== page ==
To use different particle groups in an emitter, drag the groups you want to use into the 'Groups to Use' list in the emitter. Alternatively, you can click the 'Create and Add Group' button in the emitter 'Groups' tab; this will create a group and automatically add it to the 'Groups to Use' list.
If no groups are present in the list, all particles will be in the default group and will have the colour and shape found in the emitter. If more than one group is in the list, new particles will be assigned randomly or sequentially to one of the groups, depending on the emitter setting.
Note that more than one emitter can use the same group if you wish.
The group number is generated automatically and held internally by the Group object. Each group should always have a unique number compared to the other groups in the scene. The group number is shown in the 'Group Number' field, which is editable should you need to change it. Also, by default the Group object name will be 'Particle Group' followed by the internal group number. Note that the default group, to which particles are assigned if no group is specified, always has the number 0 (zero).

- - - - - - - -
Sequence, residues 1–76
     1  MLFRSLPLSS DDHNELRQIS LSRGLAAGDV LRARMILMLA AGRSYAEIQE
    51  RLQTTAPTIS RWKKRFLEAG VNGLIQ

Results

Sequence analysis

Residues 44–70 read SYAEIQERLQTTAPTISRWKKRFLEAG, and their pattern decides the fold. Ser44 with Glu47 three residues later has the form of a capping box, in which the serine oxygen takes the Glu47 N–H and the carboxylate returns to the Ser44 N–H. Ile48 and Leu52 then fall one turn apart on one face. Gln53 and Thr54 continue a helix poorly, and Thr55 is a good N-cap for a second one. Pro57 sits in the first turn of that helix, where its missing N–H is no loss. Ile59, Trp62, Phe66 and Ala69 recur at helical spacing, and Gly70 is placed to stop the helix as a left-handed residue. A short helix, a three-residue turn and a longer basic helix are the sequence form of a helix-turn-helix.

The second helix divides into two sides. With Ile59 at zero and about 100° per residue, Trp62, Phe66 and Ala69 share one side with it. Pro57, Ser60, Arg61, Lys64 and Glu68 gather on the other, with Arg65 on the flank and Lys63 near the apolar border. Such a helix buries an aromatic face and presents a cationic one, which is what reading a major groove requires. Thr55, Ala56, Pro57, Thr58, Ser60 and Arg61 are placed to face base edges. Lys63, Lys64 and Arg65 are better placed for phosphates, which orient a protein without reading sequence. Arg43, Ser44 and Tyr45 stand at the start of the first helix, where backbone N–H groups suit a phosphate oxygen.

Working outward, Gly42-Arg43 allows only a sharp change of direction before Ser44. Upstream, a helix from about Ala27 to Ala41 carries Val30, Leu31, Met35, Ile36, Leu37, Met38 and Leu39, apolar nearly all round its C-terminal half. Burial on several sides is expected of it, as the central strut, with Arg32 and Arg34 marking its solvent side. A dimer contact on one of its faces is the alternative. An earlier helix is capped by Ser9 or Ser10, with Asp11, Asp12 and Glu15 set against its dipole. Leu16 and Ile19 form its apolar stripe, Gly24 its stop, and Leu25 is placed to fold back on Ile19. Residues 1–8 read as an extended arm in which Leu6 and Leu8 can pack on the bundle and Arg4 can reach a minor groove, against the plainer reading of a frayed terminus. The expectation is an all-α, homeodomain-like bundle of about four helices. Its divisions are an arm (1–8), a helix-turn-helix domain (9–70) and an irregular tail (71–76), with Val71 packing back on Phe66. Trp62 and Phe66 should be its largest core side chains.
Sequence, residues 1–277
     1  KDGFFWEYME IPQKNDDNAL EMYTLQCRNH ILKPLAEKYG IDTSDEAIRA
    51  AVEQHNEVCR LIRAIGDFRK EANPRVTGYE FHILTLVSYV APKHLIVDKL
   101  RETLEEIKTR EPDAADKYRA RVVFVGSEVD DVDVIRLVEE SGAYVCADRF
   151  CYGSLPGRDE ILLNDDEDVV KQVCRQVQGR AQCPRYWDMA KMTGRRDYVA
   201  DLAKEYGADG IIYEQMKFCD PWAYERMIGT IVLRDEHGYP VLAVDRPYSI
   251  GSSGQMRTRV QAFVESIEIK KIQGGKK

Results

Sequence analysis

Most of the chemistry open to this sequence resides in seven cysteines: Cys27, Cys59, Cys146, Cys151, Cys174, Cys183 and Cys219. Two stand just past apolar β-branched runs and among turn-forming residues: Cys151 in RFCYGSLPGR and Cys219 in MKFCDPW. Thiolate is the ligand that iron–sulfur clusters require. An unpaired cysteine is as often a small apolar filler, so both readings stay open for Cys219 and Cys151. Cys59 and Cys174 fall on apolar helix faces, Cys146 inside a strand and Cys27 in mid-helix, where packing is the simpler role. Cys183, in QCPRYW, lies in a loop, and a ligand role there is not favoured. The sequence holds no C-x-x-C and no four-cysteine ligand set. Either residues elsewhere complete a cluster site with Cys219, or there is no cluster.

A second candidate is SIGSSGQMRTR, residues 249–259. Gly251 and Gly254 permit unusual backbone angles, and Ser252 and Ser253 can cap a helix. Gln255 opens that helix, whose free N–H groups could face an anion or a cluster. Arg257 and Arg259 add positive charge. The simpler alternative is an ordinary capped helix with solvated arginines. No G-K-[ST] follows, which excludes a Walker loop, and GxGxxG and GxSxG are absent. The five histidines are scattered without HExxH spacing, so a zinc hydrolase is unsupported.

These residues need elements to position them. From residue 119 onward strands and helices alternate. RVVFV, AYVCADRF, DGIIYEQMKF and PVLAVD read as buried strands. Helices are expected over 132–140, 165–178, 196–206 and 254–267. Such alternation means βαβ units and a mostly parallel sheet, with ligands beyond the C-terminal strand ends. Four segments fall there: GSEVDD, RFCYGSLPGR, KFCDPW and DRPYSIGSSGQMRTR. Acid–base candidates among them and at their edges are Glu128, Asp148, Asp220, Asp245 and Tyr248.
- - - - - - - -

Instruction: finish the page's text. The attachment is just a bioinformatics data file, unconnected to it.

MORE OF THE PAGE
You can change the name to anything you like, the number in the name is not required for the group to function correctly. The number will still be shown in the 'Group Number' field if you change the name.
Changing a group
Assigning XP materials to groups
The simplest way to render particles is to assign an XP material to the emitter. This will render all particle groups emitted by that emitter, using the same material. However, you can assign different materials to each group. Doing that will override the material on the emitter and render the particles in that group with its specific assigned material.
If you have materials both on the group and on the emitter, and then you disable the group in the object manager (see below), the group's particles will still be rendered but using the material on the emitter. If the emitter does not have a material, disabling the group will cause it not to be rendered. This can be very useful for comparing different material settings.
Disabling/Enabling a group
You will see that the in the Cinema 4D object manager a group object has a green tick that will change to a red cross when ticked. Since groups are simply a special kind of null object, disabling a group doesn't do anything. If you are emitting that group from an emitter then disabling the group will not prevent it from being emitted. A group which is dragged into a modifier groups list will still be used even if disabled in the object manager.
However, there is one case in which disabling a group is important. To render particles you can assign an XP material to a group instead of the emitter. If you do that, and you disable the group, that group will not be rendered. If both the group and the emitter have materials assigned to them, the group material is used if the group is enabled but if it is disabled the emitter's material will be used to render the group.